Israeli Defense Minister Yitzhak Rabin expressed strong opposition yesterday to the holding of new Middle East peace talks under any kind of "international umbrella." He also said he was concerned about signs of American readiness to talk to a Jordanian-Palestinian delegation that might include some members of the Palestine Liberation Organization.

Speaking at a National Press Club luncheon, Rabin said Israel would regard a U.S. decision to hold talks with PLO members of any kind as amounting to American acceptance of an independent Palestinian state.

"Whoever agrees to talk to the PLO means that he accepts in principle the creation of an independent Palestinian state between Israel and Jordan," Rabin said.

His speech appeared to reflect a growing Israeli nervousness about U.S. intentions in the wake of the visit here last week of King Hussein of Jordan. While here, Hussein announced that the PLO had agreed to enter direct negotiations with Israel as part of a joint Jordanian-Palestinian delegation and on the basis of U.N. Resolutions 242 and 338.

The New York Times reported today that aides to Sens. John Heinz (R-Pa.) and Edward M. Kennedy (D-Mass.) said they will offer a resolution that would bar sales of advanced military equipment to Jordan until it enters into direct negotiations with Israel.

In Jerusalem yesterday, Prime Minister Shimon Peres said he was ready for direct talks with Hussein, but opposed any prior meeting between the United States and a Jordanian-Palestinian delegation.

"The problems are not between the United States and Jordan, but between Israel and Jordan. Why cross an ocean when you can cross a river? Why should we sail to Washington when we can meet right away 10 miles from here?" Peres said.

Secretary of State George P. Shultz said Friday that the United States was seeking ways to show "broad international support" for new direct talks between Israel and a Jordanian-Palestinian delegation. This has apparently triggered Israeli concern that Washington may also be edging toward acceptance of Hussein's proposal for the talks to take place under the auspices of an international conference in which the Soviet Union would participate.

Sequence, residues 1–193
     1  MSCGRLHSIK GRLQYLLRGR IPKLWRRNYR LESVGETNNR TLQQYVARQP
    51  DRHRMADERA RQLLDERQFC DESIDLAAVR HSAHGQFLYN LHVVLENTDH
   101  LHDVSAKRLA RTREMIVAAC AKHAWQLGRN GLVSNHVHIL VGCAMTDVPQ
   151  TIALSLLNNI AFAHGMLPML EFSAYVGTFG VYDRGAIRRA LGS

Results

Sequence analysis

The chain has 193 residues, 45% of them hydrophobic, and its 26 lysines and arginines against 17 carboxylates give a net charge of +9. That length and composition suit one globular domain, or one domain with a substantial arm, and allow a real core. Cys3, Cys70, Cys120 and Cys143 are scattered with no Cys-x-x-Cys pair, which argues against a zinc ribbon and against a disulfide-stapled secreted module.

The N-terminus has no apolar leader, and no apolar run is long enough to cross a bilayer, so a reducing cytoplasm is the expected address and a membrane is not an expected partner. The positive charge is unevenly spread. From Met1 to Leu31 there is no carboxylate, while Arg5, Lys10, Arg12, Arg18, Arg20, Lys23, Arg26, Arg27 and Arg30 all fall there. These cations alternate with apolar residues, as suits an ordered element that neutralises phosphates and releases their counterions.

The United States has long said it stands ready to negotiate with the PLO once it publicly endorses U.N. Resolutions 242 and 338, which incorporate the principle of Israel giving back occupied Arab lands in return for Arab recognition.

Only since Hussein's declaration here that he has a firm commitment from PLO Chairman Yasser Arafat to the explicit acceptance of these resolutions has the prospect suddenly arisen that the United States might end up holding talks with the PLO. Shultz said Friday, however, that Washington was still waiting to hear directly from Arafat that he accepts the two key resolutions.

Shultz also said Washington saw no role for the Soviet Union in any new peace talks and clearly indicated that the United States and Jordan were at odds on this point.

Nonetheless, Rabin said he was concerned about administration officials' use of the term "international umbrella," which he said was "contradictory to our common experience, of Israel, the United States and I think also Egypt in the last 12 years."

"Whenever somebody mentions to me umbrella, I don't know why, it reminds me of Chamberlain and Munich," he remarked at one point. He was referring to the late British prime minister Neville Chamberlain and his meeting in 1938 with Adolf Hitler in Munich, where Chamberlain agreed to the German takeover of the German-speaking areas of Czechoslovakia.

Rabin, who yesterday met with Shultz, Defense Secretary Caspar W. Weinberger and other top administration officials, said he was also concerned about what he called "signs here of readiness to talk to a Jordanian-Palestinian delegation which does not exclude totally members of the PLO."

The Israeli official said Israel was ready to accept Palestinians from the West Bank or Gaza Strip, "or any other Palestinians," provided they were not members of the PLO "or PLO organizations."

This appeared to be a direct reference to the Palestine National Council, the Palestinian parliament-in-exile that is closely associated with the PLO. The United States has left open the possibility of meeting with non-PLO members of the council as part of a Jordanian-Palestinian delegation.